Cesar Hidalgo
Yeah, so I think that actually the people who have started to participate a little bit, the way that people have participated until now have been by using social media that actually was not designed originally for participation. Actually Twitter was not even designed for people in the beginning, then it evolved into being a very popular tool among people, but it was actually designed to communicate between devices, and what has happened with that, with the use of Twitter and Facebook and the comments on the newspapers, is that people have created a culture in which it's okay to write down your opinion about a political issue, share it with others, discuss with other strangers that are posting somewhere in media ideas and share your views but if you think about it, all of that basically doesn't add up to much because the medium that we're using to have those discussions does not help aggregate that into any form of action. So what we have is actually a lot of conversations going on but then a new issue comes along, there's another conversation that happens, but these things don't add up into any concrete form of action. So what I do think is going to start happening in the future is that we're going to start seeing media that is going to be designed for participation and you're going to start seeing that there going to be some state governments or local governments maybe here in the US, maybe elsewhere, that are going to get into the forefront of this idea of having mass forms of participation through online technology. And you're going to see that go from very simple decisions and very simple issues into larger issues as time goes by, but I see that there is an important future and there's going to be more mass forms of participation simply because the technology is allowing them and they become obvious and natural ways of progression; not because the decisions are necessarily going to be better. Sometimes technology advances because it's natural, not necessarily because it's an improvement.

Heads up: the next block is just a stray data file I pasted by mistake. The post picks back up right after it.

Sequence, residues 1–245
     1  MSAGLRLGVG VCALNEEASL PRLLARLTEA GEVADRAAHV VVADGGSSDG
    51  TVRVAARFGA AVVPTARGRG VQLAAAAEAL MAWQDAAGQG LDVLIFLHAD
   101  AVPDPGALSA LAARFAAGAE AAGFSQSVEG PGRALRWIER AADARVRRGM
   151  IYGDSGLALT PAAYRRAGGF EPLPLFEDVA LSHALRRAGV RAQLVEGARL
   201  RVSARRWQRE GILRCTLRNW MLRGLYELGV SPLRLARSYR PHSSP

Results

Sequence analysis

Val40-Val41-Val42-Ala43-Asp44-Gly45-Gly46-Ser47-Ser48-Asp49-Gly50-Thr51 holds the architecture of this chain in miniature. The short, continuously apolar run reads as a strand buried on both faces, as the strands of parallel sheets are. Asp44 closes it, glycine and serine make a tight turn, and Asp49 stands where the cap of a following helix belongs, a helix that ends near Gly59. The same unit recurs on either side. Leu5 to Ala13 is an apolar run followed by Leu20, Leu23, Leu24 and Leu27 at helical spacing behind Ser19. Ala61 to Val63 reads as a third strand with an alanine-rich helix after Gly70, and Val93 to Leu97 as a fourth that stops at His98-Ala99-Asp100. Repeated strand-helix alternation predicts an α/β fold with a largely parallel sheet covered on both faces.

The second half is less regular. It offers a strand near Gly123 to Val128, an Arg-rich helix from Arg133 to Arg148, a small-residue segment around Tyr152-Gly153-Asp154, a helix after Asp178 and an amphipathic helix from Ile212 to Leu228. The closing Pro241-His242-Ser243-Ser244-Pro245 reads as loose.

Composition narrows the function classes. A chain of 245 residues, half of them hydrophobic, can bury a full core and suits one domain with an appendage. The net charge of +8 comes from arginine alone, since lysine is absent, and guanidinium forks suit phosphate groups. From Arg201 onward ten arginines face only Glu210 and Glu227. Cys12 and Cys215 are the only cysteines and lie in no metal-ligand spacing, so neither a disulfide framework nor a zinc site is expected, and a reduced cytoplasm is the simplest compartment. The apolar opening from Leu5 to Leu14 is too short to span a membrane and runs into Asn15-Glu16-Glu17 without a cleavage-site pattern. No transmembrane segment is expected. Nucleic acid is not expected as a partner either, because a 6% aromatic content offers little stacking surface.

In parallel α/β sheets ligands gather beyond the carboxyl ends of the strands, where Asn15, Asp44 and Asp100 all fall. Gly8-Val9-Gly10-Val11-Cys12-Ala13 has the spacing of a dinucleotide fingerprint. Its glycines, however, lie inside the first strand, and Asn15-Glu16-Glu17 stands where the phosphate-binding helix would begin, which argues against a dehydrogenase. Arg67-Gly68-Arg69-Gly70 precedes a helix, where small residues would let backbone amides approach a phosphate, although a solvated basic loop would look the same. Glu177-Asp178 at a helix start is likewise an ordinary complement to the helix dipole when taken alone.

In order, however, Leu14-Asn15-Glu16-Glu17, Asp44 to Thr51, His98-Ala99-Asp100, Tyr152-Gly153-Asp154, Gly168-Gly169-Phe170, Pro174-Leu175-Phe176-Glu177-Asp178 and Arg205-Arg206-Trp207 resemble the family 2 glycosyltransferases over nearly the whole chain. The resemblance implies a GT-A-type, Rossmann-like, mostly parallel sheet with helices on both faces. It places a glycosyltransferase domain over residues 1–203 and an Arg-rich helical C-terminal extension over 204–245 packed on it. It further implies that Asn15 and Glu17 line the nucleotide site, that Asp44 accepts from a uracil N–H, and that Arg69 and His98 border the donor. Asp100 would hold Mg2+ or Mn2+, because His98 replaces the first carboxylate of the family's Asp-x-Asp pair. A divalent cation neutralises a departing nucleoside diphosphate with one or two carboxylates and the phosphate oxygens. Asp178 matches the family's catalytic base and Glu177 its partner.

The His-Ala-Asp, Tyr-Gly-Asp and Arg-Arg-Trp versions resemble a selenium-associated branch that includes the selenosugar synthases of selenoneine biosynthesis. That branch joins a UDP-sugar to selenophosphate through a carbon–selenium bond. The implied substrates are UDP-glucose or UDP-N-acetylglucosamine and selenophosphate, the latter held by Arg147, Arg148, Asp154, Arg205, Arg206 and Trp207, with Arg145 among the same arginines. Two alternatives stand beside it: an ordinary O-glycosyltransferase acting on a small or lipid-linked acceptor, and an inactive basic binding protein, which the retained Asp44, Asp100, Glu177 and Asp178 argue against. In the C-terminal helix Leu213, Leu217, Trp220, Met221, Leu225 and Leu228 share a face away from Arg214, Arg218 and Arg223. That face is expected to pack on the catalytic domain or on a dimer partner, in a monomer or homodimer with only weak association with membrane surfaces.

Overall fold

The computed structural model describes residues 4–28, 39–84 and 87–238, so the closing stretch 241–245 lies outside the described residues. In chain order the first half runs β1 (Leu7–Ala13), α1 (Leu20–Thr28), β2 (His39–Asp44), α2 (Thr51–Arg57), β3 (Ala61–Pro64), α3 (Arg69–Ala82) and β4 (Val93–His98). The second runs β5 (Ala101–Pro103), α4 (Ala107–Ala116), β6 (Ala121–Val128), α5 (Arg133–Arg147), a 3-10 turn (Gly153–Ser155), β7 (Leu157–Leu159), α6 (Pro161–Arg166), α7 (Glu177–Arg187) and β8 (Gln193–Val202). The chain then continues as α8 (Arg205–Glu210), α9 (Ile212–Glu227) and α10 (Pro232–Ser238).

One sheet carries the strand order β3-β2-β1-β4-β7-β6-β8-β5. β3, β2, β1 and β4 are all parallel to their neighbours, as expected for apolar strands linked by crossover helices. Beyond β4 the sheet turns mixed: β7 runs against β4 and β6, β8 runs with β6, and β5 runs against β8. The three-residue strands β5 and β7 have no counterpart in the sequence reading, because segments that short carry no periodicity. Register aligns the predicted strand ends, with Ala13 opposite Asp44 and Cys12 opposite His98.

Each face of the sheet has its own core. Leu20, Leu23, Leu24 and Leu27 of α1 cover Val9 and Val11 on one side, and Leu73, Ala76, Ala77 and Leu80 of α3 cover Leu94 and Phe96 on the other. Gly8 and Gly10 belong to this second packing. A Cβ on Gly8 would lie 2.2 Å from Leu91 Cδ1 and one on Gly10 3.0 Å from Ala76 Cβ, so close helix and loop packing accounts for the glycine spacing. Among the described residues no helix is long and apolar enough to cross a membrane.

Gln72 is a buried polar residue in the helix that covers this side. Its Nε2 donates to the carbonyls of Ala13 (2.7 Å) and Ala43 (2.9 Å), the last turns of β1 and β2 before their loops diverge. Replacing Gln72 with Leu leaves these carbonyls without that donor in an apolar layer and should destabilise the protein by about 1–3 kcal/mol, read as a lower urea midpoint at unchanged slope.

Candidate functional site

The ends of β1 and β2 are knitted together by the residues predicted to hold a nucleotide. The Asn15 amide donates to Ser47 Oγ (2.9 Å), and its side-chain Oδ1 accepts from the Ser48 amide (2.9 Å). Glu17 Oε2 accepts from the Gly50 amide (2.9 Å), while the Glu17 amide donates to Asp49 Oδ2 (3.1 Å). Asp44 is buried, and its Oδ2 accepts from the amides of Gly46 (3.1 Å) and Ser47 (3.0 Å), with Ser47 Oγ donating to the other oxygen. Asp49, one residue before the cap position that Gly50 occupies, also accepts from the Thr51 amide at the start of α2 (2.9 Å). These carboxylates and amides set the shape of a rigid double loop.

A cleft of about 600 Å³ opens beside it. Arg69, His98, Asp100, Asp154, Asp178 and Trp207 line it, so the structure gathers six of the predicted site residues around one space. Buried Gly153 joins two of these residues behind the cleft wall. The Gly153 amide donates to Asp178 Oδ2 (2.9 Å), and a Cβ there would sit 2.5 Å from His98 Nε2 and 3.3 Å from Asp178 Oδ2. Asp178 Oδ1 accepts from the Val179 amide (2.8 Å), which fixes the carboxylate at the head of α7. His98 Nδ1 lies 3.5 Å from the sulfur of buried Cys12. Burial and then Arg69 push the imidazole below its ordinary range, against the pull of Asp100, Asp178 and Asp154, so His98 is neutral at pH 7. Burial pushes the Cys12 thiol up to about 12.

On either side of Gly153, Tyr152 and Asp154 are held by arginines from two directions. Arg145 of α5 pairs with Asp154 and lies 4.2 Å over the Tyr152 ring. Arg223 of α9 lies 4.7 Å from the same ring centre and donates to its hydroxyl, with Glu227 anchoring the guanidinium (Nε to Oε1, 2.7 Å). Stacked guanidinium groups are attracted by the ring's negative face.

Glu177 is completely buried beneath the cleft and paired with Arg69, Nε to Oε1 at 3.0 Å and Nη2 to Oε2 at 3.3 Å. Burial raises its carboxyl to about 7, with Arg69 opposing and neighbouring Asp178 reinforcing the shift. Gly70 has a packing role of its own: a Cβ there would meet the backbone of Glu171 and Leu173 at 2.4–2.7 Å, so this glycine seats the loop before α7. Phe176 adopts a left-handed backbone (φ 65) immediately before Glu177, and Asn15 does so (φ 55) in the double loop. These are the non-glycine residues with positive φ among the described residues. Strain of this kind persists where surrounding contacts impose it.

Jane Norris
It's certainly utilized. I mean, there’s no doubt that people are engaging, even the federal government. You know, they are encouraging that kind of citizen participation.

JR Reagan
Yeah, absolutely, and when you look at the other things that are out there now like gamification—how can we use principles such as badges and points and things like that to draw citizens into the things that maybe only government used to do and actually to change behavior a little bit. There's a great example of how just being able to post points of citizens and how they're adapting to driving patterns and are they staying off the roads and HOV stuff like that. You know, we can incent them to be able to see through leader-boards and these things that maybe they can be a part of the solution in some of these larger problems, and it's starting to work a little bit. Things like gamification really play into that.

Jane Norris
Gamification is something that's probably a new word for a lot of people, especially for federal government leaders. Do you want to explain it a little bit?

JR Reagan
Yeah, it's really that principle then that if we make things more of a game that allows you to participate more, human behaviors – human beings love that kind of scenario in gathering points and badges and being able to have a little bit of a draw into that, often produces some pretty incredible behavior change, and we've seen that play out in research literature. We've seen that play out in real life, all you have to do is look at things such as Farmville on Facebook and how people really aggregate to games and we're seeing that kind of mechanics being applied to how we can even create legislation.

Jane Norris